Unemployment problem

Make South Korean youth work in SMEs first

South Korea, despite being an economic powerhouse, has a serious youth unemployment problem.

The official rate of 11.2 per cent (as of April) is already quite high by historical standards, but it vastly understates the problem. About 500,000 graduates enter the job market every year, against around 200,000 permanent positions which are available. For the workforce as a whole, there are reportedly 3.5 million graduates (out of the total 14 million) who are out of a job.

Simply put, South Korea has a glut of overqualified graduates. More than 80 per cent of high school graduates go on to college, resulting in nearly 70 per cent of young people aged 25 to 34 having a college degree - the highest ratio in the world.

Most of them compete for scarce white-collar jobs at large conglomerates, known as chaebol, or the civil service. In 2015, about 90,000 applicants sat for a centre exam of Samsung, a conglomerate which needed only about 4,000 of them. The 23:1 ratio may seem brutal, until you consider the 122:1 ratio of the civil service entrance exam the same year.

During the recent presidential election, leading candidates have all tried to address the youth unemployment issue.

The liberal President Moon Jae In has proposed to create 810,000 public sector jobs, a programme which he intends to finance by taxing the wealthy. His centrist opponent Ahn Cheol Soo has denounced job creation through fiscal stimulus and emphasised the role of small and medium-sized enterprises (SMEs) instead.

President Moon, now that he has been elected, may want to pay heed, even though Mr Ahn's proposed remedy - wage support for new hires in SMEs, on top of existing tax breaks and subsidies - may well fall short of solving the structural problem.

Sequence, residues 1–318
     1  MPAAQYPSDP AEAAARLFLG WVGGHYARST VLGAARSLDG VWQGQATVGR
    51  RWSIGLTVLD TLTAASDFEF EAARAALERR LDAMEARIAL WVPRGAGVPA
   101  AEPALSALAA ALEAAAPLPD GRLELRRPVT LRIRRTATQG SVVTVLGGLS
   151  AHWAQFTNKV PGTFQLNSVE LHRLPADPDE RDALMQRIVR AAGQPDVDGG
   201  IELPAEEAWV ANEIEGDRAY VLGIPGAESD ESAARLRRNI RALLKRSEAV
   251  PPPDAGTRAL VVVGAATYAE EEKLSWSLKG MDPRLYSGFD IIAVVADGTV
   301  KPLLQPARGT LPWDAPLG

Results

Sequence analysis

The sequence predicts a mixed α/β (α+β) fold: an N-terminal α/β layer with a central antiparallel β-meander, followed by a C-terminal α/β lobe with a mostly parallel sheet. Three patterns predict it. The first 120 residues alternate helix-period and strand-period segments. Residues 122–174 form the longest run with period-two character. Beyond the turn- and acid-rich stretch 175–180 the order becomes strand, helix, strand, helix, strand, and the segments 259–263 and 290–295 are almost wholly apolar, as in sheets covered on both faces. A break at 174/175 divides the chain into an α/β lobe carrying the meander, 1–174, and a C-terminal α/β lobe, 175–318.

What is the structural problem that I am referring to?

The paradox of South Korea is that eight out of 10 SMEs reportedly struggle to fill vital positions, even as young graduates line up in front of every job opening at a government agency or conglomerate.

According to a recent survey, the overwhelming majority of young people said they prefer to work in the government or at large firms, while only 6 per cent of them responded that they prefer SMEs.


Two young women looking at job-offer notices at a women's university in Seoul. South Korea has a high rate of youth unemployment of 11.2 per cent. PHOTO: AGENCE FRANCE-PRESSE

This cultural attitude is a huge problem because most new jobs in Korea are being created by SMEs. Between 2011 and 2014, SMEs created more than 1.7 million new jobs while the overall employment at large companies barely budged.

Here is a possible solution: The South Korean government can address the imbalance by government fiat. Specifically, the government can impose a requirement that anybody wishing to apply for a job at a government agency or a large company must have at least three years' working experience with an SME.